This year’s Tennent’s Irish Cup semi-finals are both intriguing tussles with in-form Linfield and Coleraine expected to conquer Dungannon Swifts and cup holders Glenavon respectively.
But cup football is always full of surprises – and tomorrow’s all-Premiership ties may not be as straightforward as some observers are forecasting.
First up, with a 3pm kick-off, is the meeting between Dungannon Swifts and Linfield at Mourneview Park in Lurgan.
Thoughts immediately turn to the 2006-07 final, Dungannon's sole appearance in the decider, which to date remains the only time the cup has ever been settled after a penalty shoot-out.
The Blues came out on top that day, albeit only just, but current Swifts boss Rodney McAree more than played his part, not only captaining the side but also scoring in normal time and in the shoot-out.
And he's relishing the chance to be involved in local football's blue riband event once more, while acknowledging the not insignificant hurdle his players have to clear first.
"It would be a dream from my point of view as manager of Dungannon Swifts, a club I've grown up at, to lead the side out at Windsor Park," he said.
"I was very fortunate to do it as a player. I think I would enjoy it more going as a manager but we have a huge obstacle to get over before we can even think of that.
"Is it one that we can win? We have to be positive and think we have a chance. We have to try to set ourselves up and cause them problems."
Linfield hold the advantage in head-to-head meetings between the sides this season, bagging four goals on their way to a win back in January and the same number before that in November.
But that will count for nothing as the Blues face a season-defining couple of weeks.
A win in tomorrow’s semi-final will bring David Healy's side one step closer to atoning for losing in last year's decider, but it also keeps alive hopes of what has appeared at times to be an unlikely treble.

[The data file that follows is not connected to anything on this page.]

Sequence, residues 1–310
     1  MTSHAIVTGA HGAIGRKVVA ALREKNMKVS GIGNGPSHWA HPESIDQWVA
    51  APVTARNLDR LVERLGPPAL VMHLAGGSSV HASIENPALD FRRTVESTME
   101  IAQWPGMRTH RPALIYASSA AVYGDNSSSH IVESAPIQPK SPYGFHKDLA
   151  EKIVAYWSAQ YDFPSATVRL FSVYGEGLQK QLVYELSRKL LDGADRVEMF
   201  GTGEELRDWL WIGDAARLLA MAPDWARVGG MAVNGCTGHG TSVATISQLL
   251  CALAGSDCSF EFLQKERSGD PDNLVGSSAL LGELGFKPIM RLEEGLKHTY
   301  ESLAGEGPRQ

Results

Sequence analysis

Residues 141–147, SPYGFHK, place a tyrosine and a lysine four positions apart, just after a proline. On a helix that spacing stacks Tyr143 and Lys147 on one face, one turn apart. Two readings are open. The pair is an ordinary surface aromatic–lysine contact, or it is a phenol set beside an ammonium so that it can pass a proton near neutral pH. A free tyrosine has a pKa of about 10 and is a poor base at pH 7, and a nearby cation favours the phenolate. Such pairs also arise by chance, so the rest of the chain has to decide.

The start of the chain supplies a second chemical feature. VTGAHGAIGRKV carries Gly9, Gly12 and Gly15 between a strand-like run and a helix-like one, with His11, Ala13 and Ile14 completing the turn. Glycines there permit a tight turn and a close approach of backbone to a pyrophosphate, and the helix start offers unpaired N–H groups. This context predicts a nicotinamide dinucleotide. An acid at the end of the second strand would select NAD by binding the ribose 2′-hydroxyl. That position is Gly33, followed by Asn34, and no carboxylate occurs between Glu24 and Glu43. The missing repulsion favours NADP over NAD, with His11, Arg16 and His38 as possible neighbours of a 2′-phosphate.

The Co Antrim Shield is already safely tucked away in the club trophy cabinet and Linfield are also still very much in contention for Gibson Cup honours having snapped at Crusaders' heels all season.
They face the defending champions next weekend. A win will see the gap whittled down to a single point, so what better way to go into that game than on the back of booking a place in the Tennent's Irish Cup final?
And Linfield's form certainly suggests they can do it. Apart from a loss to Coleraine in early January they are undefeated in all competitions in a run stretching back to the middle of November, a sequence of some 18 wins, just two draws and that solitary defeat to the Bannsiders.
Later tomorrow afternoon all eyes will be on the Ballymena Showgrounds where cup holders Glenavon will continue their defence against the currently all-conquering Coleraine (kick-off 5.15).
The Lurgan Blues have become something of a tough nut to crack in recent years, having also lifted the trophy in 2014, and it's this association with the Irish Cup that boss Gary Hamilton will no doubt be hoping inspires his players to resurrect a campaign that perhaps hasn't panned out how anyone at Mourneview Park might have hoped.
A Charity Shield win over Crusaders to open the season hinted at big things to come but several significant periods without a win severely hindered any hopes of an oft mooted title challenge, with the Lurgan Blues effectively limping over the line to secure a top six spot.
Life has been better in the Irish Cup. Glenavon's run to the semi-finals has been relatively trouble-free although they did suffer a scare way back in the fifth round against Portstewart when Luke Bradley fired the Seahawks in front early on, but goals from Kris Lindsay, James Gray and Andrew McGrory soon saw the holders progress with ease.
A way past Armagh City was safely negotiated in the next round before a quarter-final clash with Portadown produced the most comprehensive victory to date, a thumping five-goal win over their near neighbours in their own backyard.
Coleraine will be an entirely different proposition, however. The Bannsiders are in the middle of an amazing run, stretching back to New Years' Eve, that has hoisted Oran Kearney's charges up to third in the table.
And given the fact this has been achieved by not only the most settled but youngest squad in the league simply underlines the remarkable work in progress on the Ballycastle Road.
In Jamie McGonigle the Bannsiders possess a potent threat up front. The 21-year-old has 17 goals to his credit this season, including a brace against Ballymena United in the last round.
Also grabbing a couple of goals that day was a certain Eoin Bradley, a man who simply loves the Irish Cup and indeed the Ballymena Showgrounds.
Not only did he pick up a winner’s medal last season with the Lurgan Blues but he has scored in each of his last four visits to Warden Street - regardless of what shirt he has been wearing! Could he be the key to loosen Glenavon's grip on the trophy?